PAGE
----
First of all, there's difference between OOP paradigm and OOP implementation in Java, so same words may mean a bit different things.
In OOP the paradigm interface is what you can do with the object (or what object can do for you). Any object can have several interfaces and thus play different roles. For example, someone may work as a programmer and be able to create programs, but at the same time he may be a husband and father and thus be able to pay the bills for his family and take care of children. Here "programmer", "husband" and "father" are interfaces, and a person is an object that implements them. Note, that interfaces do not imply presence of any specific features (fields) for implementing object, just actions that this object should be able to perform.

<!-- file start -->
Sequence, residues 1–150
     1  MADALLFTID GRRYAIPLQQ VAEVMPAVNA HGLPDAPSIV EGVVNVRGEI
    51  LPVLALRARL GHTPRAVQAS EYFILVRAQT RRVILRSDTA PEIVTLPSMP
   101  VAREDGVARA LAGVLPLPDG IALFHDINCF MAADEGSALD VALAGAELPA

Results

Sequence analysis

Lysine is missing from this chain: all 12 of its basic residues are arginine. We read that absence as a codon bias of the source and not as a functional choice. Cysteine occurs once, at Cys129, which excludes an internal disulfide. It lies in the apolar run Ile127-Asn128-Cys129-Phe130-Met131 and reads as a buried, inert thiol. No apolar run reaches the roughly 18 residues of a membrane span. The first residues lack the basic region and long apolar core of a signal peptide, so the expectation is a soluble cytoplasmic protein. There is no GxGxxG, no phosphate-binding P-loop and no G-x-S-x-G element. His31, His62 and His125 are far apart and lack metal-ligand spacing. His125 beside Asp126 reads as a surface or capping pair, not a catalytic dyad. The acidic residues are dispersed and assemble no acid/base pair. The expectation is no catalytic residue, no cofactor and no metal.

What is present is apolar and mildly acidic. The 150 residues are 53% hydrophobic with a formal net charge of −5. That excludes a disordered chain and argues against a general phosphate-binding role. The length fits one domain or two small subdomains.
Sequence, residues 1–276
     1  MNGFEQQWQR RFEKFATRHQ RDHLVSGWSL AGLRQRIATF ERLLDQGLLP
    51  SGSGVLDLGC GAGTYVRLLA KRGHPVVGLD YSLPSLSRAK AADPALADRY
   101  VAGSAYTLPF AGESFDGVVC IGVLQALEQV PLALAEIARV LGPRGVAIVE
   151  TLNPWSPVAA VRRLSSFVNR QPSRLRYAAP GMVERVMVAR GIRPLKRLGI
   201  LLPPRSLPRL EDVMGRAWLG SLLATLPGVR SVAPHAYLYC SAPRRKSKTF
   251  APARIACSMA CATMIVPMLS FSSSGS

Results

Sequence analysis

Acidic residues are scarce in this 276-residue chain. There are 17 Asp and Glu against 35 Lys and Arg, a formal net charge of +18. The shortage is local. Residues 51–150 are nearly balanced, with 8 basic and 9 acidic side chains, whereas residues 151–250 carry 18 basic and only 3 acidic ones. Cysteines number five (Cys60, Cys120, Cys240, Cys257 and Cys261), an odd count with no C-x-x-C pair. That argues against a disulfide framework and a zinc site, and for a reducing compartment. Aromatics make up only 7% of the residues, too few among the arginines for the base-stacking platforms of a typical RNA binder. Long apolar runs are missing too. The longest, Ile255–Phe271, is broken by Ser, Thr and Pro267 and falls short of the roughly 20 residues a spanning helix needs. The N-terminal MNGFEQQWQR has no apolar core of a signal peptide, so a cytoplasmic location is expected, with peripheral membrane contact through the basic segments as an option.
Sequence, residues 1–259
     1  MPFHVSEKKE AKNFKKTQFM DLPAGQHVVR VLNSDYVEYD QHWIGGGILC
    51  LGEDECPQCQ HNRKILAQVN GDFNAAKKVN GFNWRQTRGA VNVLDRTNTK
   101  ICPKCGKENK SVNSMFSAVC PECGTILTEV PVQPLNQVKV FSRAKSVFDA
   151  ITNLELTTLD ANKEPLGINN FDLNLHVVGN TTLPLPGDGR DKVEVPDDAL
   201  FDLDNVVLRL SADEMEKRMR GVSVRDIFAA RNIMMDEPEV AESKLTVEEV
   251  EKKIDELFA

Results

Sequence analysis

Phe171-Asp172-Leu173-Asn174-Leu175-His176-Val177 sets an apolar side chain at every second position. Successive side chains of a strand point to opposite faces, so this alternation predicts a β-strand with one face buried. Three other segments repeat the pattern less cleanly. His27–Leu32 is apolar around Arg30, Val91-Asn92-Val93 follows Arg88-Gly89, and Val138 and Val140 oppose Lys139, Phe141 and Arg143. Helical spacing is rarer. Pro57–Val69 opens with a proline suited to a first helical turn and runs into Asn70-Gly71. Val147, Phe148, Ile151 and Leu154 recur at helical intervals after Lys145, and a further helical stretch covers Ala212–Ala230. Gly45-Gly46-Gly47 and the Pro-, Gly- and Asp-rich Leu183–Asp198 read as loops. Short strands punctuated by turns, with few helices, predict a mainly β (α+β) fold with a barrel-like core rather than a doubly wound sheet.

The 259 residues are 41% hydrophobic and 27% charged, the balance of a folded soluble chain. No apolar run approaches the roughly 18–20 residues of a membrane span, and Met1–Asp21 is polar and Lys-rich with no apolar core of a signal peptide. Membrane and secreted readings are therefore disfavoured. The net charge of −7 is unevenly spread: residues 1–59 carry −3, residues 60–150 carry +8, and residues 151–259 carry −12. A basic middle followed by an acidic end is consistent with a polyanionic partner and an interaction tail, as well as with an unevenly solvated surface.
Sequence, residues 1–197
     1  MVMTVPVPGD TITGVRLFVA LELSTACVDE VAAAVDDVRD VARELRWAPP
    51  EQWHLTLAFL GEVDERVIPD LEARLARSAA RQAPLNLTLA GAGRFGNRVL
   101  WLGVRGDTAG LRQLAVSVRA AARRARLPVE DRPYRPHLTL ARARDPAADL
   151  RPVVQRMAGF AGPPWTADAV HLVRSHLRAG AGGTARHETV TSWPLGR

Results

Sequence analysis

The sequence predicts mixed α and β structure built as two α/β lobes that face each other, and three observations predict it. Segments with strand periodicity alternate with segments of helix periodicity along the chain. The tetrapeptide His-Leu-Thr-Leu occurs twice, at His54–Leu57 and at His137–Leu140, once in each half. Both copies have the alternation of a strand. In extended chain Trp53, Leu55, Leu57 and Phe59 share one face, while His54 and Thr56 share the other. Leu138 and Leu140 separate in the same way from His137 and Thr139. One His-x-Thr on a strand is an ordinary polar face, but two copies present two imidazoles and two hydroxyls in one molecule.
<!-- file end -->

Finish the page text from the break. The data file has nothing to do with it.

Java more or less follows this idea, but as any paradigm implementation has its own features. Java allows describing methods, that is actions that the implementing object should be able to perform, but not any implementation details, thus, nothing about object fields or private methods.
But what about constants (
public final static fields)? Are they part of implementation or interface. It could be both. E.g. interface "programmer" can have constant
WORK_HOURS set to "8". Thus Java allows you to describe constants in interfaces too.
Note, that Java only helps you to make good OOP design, but it doesn't strongly require it. In particular, not all public methods of an object should exist in interface too. For example, getter and setter methods are normally public, but in fact they are the part of implementation, not interface, and thus it's worth not to bring them into interface.